Diversions & Digressions | fanfiction by mara

The Twilight Before

The Twilight Before

by Mara

Summary: Jim Gordon wasn’t sure why he was sitting atop this building.

CONTINUITY/SPOILERS: This takes place some nebulous time not long after War
Games and has some War Games spoilers.
NOTES: Fanfic100 prompt #31, Sunrise.

* * * * *

Looking up at the few stars that peeked through Gotham’s permanent haze, Jim
Gordon wasn’t sure why he was sitting atop this building which had once been his

A psychologist could probably have given him some gobbledygook about his
daughter leaving town and his own helplessness during recent events in Gotham.
As far as Jim was concerned, he was just there looking out over the city from a
familiar viewpoint: lights and dark spots, trucks rumbling on the freeway, the
roar of a motorcycle getting up to speed, burning diesel smell mixed with
pepperoni from Mama Leah’s all-night pizza joint.

The sense of nostalgia probably explained why he didn’t jump when a deep voice
spoke from the shadows. “I was surprised to see anyone here.”

Jim didn’t turn. Smiling into his coffee cup, he replied, “You’re not in the
best odor here these days. Don’t expect to see the signal in use any time soon.”

“I don’t. Then why are *you* here?”

“Hmm?” Jim looked up from his contemplation of the northwest corner of St.
Mary’s Catholic Church, glancing over his shoulder. “I guess I came up here to
think. Used to get my best thinking done here or at my desk, but they gave my
desk to someone else.”

A small sound could have been a chuckle. “I understand. I spend a lot of time on
gargoyles for the same reason.”

Jim nodded and went back to staring at the city. “Commissioner Akins would have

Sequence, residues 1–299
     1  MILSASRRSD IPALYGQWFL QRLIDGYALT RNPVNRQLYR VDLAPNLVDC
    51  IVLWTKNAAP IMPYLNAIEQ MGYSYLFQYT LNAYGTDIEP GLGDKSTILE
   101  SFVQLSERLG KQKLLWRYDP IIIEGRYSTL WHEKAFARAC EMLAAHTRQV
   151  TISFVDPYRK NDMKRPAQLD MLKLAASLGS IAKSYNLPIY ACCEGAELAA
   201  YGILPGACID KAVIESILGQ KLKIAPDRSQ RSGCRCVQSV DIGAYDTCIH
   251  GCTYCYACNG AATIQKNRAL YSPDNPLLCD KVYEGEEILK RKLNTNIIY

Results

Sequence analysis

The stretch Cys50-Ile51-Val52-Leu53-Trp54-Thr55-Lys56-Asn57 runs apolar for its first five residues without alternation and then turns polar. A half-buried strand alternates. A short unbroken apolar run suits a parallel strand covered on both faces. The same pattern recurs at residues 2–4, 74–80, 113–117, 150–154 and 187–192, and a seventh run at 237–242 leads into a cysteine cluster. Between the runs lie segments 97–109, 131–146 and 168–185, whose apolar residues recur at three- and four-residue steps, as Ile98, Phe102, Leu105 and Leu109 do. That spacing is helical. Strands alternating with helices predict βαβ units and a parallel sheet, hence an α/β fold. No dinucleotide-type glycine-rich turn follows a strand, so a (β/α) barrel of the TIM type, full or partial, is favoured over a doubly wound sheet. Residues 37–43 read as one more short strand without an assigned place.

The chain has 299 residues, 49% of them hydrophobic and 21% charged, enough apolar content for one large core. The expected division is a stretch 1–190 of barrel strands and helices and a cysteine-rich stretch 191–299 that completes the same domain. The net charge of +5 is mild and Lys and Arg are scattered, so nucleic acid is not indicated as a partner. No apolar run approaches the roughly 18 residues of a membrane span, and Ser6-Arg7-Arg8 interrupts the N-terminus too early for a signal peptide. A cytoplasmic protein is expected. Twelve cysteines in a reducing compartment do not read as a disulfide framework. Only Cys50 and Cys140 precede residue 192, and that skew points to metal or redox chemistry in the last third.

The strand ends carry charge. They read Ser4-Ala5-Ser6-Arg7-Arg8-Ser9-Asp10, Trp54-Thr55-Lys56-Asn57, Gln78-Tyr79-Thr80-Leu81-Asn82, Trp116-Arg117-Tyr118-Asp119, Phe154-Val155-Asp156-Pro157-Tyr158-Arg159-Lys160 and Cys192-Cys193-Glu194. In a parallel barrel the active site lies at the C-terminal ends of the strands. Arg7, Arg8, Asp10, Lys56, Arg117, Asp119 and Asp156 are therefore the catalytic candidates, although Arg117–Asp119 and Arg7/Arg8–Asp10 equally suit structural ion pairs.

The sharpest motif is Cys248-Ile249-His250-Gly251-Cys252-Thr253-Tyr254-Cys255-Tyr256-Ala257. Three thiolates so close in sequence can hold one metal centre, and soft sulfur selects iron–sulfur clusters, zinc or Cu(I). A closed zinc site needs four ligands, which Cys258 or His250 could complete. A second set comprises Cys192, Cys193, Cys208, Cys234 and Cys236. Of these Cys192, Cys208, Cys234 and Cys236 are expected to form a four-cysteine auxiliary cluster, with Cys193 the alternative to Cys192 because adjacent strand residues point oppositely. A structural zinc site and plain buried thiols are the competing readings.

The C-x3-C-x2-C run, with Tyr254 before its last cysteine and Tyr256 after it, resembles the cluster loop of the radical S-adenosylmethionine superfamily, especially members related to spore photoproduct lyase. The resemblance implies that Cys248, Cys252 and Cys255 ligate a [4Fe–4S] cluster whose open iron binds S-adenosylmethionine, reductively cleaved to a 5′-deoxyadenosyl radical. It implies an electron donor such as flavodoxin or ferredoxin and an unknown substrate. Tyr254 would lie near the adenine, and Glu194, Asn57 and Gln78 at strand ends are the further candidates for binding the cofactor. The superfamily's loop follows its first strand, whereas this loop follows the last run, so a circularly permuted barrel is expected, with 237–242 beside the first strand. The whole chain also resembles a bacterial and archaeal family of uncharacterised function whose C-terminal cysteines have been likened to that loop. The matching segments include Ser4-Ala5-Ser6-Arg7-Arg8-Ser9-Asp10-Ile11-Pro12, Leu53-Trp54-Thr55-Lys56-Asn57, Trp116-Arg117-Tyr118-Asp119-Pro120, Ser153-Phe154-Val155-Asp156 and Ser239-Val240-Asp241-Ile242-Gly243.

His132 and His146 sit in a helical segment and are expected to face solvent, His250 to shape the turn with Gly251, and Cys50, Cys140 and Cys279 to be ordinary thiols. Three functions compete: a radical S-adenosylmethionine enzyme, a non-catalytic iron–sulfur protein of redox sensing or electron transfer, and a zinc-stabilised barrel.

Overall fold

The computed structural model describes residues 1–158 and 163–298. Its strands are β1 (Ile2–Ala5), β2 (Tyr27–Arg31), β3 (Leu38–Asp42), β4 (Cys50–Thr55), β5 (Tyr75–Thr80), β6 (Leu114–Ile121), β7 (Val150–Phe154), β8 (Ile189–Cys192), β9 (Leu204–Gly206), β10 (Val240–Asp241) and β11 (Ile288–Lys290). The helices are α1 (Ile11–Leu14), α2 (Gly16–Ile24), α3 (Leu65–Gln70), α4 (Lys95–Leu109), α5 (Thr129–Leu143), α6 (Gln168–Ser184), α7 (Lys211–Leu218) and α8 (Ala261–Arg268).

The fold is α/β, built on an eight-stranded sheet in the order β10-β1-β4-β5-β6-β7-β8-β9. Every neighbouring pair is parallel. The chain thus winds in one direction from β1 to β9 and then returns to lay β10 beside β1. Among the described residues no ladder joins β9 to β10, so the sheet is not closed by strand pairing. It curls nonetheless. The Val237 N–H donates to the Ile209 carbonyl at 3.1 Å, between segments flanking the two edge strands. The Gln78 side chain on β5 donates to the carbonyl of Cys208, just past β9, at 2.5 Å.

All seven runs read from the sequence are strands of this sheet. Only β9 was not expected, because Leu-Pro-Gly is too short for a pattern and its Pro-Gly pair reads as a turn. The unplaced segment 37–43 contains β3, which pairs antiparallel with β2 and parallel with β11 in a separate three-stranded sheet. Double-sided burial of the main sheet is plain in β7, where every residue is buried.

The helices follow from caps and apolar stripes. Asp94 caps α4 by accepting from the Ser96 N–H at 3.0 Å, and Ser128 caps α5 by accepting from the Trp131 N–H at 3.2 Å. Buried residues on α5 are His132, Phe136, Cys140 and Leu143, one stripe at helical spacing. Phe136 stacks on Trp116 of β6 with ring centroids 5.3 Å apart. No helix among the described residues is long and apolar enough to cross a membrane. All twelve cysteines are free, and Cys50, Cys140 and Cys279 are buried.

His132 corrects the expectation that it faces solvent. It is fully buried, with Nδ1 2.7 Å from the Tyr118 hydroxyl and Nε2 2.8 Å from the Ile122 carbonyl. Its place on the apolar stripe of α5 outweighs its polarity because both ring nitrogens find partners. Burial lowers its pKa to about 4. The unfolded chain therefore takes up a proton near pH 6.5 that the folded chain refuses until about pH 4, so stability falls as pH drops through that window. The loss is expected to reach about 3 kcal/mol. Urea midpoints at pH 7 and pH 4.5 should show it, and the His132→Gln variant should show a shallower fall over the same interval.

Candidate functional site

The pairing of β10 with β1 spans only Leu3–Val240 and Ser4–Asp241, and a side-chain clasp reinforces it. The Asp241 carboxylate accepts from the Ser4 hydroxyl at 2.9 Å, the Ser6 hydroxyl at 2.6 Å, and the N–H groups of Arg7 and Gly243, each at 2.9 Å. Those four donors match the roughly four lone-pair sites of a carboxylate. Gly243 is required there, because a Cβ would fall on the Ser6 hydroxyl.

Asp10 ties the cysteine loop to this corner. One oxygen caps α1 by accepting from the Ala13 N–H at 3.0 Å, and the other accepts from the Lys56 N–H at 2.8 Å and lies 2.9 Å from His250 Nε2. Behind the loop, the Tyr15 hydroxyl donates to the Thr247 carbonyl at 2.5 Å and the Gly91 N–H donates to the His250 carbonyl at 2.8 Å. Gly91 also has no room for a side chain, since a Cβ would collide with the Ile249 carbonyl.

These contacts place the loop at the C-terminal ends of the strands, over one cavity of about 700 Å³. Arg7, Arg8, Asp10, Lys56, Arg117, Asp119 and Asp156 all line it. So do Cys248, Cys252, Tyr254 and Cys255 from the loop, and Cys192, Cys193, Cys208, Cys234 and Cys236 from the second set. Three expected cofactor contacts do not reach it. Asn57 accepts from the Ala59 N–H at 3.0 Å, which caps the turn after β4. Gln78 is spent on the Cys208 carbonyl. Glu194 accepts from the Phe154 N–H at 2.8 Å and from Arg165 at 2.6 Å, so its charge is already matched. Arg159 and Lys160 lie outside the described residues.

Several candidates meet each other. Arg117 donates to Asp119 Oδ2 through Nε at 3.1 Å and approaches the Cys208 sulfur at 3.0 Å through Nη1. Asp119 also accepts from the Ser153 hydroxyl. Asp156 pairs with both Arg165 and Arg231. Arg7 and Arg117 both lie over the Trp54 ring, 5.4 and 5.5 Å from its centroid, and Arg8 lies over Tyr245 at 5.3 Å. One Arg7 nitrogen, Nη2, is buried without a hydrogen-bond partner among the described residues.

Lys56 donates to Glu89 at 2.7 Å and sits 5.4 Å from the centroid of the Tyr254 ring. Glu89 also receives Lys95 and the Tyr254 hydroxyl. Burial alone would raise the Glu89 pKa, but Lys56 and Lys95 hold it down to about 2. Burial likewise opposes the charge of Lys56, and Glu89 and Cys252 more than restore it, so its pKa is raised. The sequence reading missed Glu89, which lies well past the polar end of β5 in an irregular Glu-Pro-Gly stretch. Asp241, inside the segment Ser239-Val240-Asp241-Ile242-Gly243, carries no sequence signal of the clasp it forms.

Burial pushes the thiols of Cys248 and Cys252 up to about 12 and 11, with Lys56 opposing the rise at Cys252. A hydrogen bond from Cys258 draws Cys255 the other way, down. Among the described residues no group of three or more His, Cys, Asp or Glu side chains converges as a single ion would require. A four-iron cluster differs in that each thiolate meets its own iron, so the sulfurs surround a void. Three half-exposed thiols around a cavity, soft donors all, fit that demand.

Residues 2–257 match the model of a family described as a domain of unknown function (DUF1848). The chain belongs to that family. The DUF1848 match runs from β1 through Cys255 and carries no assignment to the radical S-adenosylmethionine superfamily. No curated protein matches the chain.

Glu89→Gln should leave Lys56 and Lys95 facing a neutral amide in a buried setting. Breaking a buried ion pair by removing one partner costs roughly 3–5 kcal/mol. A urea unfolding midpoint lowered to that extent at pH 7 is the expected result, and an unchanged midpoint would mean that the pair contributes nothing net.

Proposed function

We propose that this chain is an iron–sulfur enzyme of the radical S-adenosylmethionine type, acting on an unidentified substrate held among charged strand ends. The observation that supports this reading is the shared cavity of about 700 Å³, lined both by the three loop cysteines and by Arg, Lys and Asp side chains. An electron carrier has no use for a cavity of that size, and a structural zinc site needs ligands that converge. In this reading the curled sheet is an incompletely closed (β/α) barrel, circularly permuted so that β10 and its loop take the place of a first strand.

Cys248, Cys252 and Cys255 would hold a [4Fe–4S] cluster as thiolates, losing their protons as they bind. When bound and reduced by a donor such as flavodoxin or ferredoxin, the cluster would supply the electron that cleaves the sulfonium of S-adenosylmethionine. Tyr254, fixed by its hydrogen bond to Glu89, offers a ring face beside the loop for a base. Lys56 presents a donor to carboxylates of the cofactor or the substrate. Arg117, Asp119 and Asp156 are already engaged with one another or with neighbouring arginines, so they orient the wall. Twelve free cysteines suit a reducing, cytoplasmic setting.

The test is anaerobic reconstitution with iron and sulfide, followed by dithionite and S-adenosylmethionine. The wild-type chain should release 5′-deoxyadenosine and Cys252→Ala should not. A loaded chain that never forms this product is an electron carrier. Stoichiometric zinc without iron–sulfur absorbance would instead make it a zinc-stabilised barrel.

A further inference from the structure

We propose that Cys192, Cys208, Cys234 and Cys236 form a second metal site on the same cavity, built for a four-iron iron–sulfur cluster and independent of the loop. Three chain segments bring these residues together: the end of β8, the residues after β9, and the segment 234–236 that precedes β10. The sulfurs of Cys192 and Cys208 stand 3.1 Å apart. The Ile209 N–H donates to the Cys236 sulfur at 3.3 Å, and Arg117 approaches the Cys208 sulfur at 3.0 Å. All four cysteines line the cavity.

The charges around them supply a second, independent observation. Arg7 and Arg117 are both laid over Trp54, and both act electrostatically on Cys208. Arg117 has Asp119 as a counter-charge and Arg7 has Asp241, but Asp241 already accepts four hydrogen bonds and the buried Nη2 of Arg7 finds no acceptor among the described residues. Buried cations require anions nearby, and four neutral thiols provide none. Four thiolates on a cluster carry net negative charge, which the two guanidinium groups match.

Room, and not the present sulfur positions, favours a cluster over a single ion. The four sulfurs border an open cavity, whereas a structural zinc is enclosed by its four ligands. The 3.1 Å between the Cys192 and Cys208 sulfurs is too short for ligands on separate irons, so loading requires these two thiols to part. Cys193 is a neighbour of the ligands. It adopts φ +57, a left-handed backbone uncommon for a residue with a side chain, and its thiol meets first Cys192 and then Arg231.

you shot if he found you up here,” he said after a while.

“Were you planning on telling him?”

Jim turned and glared into the shadow.

Batman slipped forward to stand closer. “My apologies,” he said. “That was
uncalled for.”

“Damn straight.” With a snort, Jim turned to look toward the harbor, and then
inland, where bakers headed into work and nightshift policemen went home.

“I don’t like to share my city,” Batman said.

“I noticed.”

Batman growled. “You know I didn’t–”

“Of course I do.” Jim sighed, putting down his cold coffee to root in his jacket
for a cigarette and matches. “My turn to apologize. What happened here, the
gangs, the deaths, that wasn’t your fault.”

Silence. “Not exactly.”

Jim wondered what that meant, but knew he’d get no further answer, even if he
asked. But he was too old to start doubting Batman now.

“When you were commissioner, I knew…that someone else was taking care of

It took two deep breaths before Jim could answer. “Thank you.” Words were
inadequate, but he tried anyway. “I wish the GCPD could continue to accept your

“So do I.”

Batman stood on the edge of the roof next to him. In silence, they watched the
sky lighten. When the first hint of sun peeked over the water, Batman shot a
line to the courthouse and was gone.

Dropping his cigarette into the coffee cup, Jim picked up his trash and went


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